Ontology has become suspect for two main reasons, he claims: its association with teleological metaphysics and with logicism or deductivism. He takes pains to distinguish ontology from both, and sees category theory as a means to resolve the errors that have led to these associations. “Ontology… in no way stands or falls with the teleological character of one’s image of the world” (HCOP 271). This way of putting it shows that Hartmann also sought to legitimate the project of ontology in the face of the kind of historicist relativization of philosophy itself represented by Dilthey. Historicism would reduce philosophies to a set of possible types of Weltanschauungen (naturalist, subjective idealist, or objective idealist), no one of which is more or less true than another. This would make ontologies just as relative to worldview as ethics or aesthetic judgments. Hartmann rejects this relativization of ontology on the grounds that this historicism itself, as a kind of relativism, is not only self-contradictory, it is also based on a typical metaphysical error of its own. Historicist relativism—which says first that all peoples and times express a worldview through which they understand reality to have a meaning, and that the task of the historian is to ‘understand’ this meaning—is itself implicitly teleological (A 88). The idea of a comprehensive ‘worldview’ results from the mistaken subordination of ontological categories to normative elements, namely, ‘meanings.’ This approach defines the real relative to the meanings attributed to things by human beings, collapsing the distinction between concept and thing, or object and transobjective being. If ‘understanding’ is a kind of knowing, and knowing aims at something that is, then it too must be ontologically grounded. If ‘meanings’ are on a par with representations, images, and concepts for Hartmann, then they too are not identical with the ontological contents whose meanings they express. All teleology and normativism inverts what he calls the “law of strength” by claiming that the higher categories (value, meaning, purpose) are more significant than others. Categorial analysis reveals this category mistake in the assumptions of strictly hermeneutic approaches (among other species of teleology), thereby showing that ontology can be and must be pursued free from even the subtlest teleological assumptions.18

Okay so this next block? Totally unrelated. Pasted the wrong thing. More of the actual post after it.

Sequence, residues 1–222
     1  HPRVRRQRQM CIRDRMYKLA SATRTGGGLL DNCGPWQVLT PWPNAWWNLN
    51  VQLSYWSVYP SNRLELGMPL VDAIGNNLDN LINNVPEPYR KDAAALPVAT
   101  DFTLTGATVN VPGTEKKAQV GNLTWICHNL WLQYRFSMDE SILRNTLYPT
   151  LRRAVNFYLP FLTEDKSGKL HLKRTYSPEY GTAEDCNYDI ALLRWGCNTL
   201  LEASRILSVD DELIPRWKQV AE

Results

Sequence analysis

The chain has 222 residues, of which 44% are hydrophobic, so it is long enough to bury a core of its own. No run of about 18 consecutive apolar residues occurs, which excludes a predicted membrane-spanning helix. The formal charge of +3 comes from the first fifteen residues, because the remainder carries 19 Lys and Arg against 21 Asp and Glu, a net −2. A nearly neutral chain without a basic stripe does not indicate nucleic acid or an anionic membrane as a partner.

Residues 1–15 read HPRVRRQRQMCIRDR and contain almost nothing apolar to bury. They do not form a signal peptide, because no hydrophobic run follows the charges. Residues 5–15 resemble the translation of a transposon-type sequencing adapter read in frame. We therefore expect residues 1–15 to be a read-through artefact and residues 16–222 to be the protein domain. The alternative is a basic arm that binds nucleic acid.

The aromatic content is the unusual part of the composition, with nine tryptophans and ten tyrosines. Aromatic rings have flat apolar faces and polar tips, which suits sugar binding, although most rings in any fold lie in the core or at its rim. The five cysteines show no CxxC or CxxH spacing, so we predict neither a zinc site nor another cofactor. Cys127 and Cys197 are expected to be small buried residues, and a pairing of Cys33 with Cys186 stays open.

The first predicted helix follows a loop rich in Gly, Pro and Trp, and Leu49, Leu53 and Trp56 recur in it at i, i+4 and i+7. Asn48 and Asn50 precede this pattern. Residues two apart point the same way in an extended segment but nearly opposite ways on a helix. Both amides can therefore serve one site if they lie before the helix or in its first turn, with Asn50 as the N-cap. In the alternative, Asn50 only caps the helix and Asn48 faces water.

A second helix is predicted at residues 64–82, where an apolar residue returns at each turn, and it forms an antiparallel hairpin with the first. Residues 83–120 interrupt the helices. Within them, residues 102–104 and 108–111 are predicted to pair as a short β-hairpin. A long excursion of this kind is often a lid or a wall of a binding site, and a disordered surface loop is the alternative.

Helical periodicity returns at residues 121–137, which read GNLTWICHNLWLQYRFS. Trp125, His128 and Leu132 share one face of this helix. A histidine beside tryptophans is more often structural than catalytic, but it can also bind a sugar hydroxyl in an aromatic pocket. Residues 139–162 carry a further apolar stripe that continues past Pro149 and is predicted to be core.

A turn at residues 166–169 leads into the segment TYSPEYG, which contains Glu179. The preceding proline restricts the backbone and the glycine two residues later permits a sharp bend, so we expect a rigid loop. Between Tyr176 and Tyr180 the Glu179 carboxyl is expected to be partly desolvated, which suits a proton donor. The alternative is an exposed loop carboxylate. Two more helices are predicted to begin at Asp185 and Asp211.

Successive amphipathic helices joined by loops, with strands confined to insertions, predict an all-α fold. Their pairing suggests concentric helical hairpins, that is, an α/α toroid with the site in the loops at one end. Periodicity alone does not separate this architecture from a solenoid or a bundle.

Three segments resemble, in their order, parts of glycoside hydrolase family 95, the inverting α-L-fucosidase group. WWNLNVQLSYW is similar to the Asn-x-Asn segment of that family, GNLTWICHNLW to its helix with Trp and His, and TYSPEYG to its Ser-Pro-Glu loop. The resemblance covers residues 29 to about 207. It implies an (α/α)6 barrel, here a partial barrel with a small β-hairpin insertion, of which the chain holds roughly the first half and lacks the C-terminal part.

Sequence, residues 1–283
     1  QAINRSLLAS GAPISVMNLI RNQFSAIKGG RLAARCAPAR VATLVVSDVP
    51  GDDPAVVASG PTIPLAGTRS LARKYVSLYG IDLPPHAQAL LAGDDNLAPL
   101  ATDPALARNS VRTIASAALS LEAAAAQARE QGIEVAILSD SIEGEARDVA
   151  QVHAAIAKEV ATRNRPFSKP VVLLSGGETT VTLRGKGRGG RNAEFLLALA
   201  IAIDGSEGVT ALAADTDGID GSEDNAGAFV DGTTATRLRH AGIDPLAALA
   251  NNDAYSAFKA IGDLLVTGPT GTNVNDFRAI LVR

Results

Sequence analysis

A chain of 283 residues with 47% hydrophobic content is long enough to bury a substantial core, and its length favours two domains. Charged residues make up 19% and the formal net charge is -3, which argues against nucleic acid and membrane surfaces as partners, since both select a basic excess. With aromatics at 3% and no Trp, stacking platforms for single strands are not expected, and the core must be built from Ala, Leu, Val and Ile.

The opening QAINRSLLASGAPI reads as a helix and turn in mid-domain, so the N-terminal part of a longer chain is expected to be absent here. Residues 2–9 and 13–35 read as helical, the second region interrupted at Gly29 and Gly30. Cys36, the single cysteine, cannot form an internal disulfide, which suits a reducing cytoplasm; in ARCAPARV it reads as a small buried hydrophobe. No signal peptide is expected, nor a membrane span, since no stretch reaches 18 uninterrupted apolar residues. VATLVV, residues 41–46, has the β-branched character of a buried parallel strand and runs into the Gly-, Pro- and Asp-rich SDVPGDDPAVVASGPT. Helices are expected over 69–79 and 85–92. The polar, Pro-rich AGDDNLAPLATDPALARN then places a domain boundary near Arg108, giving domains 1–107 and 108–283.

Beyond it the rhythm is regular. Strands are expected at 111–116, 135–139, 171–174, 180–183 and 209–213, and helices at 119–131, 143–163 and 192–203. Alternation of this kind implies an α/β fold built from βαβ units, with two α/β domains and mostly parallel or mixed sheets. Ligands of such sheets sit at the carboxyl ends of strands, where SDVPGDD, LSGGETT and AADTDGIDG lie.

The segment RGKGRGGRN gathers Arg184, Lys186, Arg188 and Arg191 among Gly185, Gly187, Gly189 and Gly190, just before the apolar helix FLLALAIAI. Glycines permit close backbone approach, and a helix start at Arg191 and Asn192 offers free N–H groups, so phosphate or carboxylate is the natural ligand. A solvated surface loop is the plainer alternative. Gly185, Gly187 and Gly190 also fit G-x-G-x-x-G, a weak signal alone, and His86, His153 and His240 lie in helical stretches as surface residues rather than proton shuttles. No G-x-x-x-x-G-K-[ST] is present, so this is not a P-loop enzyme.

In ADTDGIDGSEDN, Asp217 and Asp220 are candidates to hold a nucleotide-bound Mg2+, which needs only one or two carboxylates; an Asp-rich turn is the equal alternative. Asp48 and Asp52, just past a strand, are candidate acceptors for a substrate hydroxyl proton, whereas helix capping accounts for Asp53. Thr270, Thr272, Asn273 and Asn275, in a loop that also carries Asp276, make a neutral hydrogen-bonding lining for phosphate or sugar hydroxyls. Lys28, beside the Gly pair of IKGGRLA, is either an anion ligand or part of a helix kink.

Similarly, logicism or deductivism is the other “tantalizing view that has encumbered ontology with odium.” By means of “the presupposed identity of logical form and ontological form,” ontology becomes an a priori deductive procedure (HCOP 272–273). “[T]hinking does not need to follow the troublesome path of experience, but wherever it reaches it immediately grasps the essence of things that are” (HCOP 271). Just as much as—or perhaps even more than—teleological metaphysics, this perspective is a serious threat to ontology: “This standpoint is the root of all evil, it is radically false” (HCOP 274). By means of another categorial analysis Hartmann shows that the logical sphere, as a secondary sphere within the ideal sphere, is in a way subordinate to the real sphere.19 This step alone allows him to argue that much of the logicism and mathematicism of rationalist and strictly analytic approaches to ontology is both misleading and simply too poor in content to describe the structures of the real world. In addition, it does not approach the question of the relation between thinking and being at all ‘critically,’ but instead assumes that “in its structures thinking immediately reveals the structure of the real.” The application of the categories of the logical sphere to the entirety of the real sphere is a different form of the same category mistake identified above. Thus “the most important errors of metaphysics” take the form of Grenzüberschreitungen, whether of ontic strata or spheres.